Of course, the hallmark of North by Northwest is the way in which Hitchcock develops tension. It only takes one introductory scene – the one with Thornhill and his secretary in a cab – for us to lend our sympathy to the hero. From that point, with a lone exception, we see things through his eyes. There is only one scene in which we are given information that the protagonist is not privy to – when the camera takes us into a government office to shed light on Thornhill’s situation while adding deeper layers to the mystery. In fact, it’s the complexity of Thornhill’s trap and the seeming impossibility of getting out of it that builds suspense.
Of Hitchcock’s three great thrillers, North by Northwest has the most playful tone, due in large part to Grant’s participation. Vertigo and Rear Window, both with Stewart, are darker movies that invite the possibility that the hero may be losing his mind. From beginning to end, we’re sure of Thornhill’s sanity. And, although there are a few genuinely amusing moments in Rear Window, Hitchcock introduces strong comedic elements into this film. The result doesn’t diffuse the tension, but offers an occasional break from it. For a ’50s film, North by Northwest is also surprisingly forthright when it comes to sexual matters. There aren’t many euphemisms or double entendres in the interaction between Thornhill and Eve.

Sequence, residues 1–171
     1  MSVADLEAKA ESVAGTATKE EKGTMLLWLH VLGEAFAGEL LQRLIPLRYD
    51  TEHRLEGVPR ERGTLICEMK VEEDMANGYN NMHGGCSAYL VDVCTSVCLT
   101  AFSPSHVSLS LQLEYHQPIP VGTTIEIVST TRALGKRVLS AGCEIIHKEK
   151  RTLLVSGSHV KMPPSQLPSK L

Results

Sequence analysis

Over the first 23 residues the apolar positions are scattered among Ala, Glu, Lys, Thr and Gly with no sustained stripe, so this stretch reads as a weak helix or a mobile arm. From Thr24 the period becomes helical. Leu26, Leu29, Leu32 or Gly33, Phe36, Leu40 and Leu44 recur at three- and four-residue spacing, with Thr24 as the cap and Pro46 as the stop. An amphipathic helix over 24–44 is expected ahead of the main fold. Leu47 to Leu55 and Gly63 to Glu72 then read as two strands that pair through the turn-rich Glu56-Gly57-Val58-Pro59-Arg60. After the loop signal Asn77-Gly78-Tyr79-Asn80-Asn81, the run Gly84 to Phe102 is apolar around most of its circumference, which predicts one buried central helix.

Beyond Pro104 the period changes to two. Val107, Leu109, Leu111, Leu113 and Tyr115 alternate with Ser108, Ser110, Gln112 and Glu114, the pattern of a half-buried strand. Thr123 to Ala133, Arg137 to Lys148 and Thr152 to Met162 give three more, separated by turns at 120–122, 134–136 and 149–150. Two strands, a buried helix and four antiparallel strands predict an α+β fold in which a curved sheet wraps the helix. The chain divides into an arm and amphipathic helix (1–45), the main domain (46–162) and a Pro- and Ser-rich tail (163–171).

When it comes to the meaning of the title, there are numerous theories. One cites a quote from “Hamlet.” Another notes that the airline flown by Thornhill is “Northwest.” There’s no conclusive answer, and no reason for there to be one. The words North by Northwest are evocative enough that they doesn’t need an explanation, and, once anyone has become wrapped up in the film’s blend of suspense, romance, and mild comedy, such questions become irrelevant.